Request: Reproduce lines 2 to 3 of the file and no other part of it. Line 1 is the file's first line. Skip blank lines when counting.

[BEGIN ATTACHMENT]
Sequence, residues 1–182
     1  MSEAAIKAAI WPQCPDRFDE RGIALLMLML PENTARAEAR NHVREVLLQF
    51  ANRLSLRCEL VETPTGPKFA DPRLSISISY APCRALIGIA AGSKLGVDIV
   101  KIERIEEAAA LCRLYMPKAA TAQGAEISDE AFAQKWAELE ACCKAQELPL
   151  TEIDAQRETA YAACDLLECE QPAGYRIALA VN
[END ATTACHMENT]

     1  MSEAAIKAAI WPQCPDRFDE RGIALLMLML PENTARAEAR NHVREVLLQF
    51  ANRLSLRCEL VETPTGPKFA DPRLSISISY APCRALIGIA AGSKLGVDIV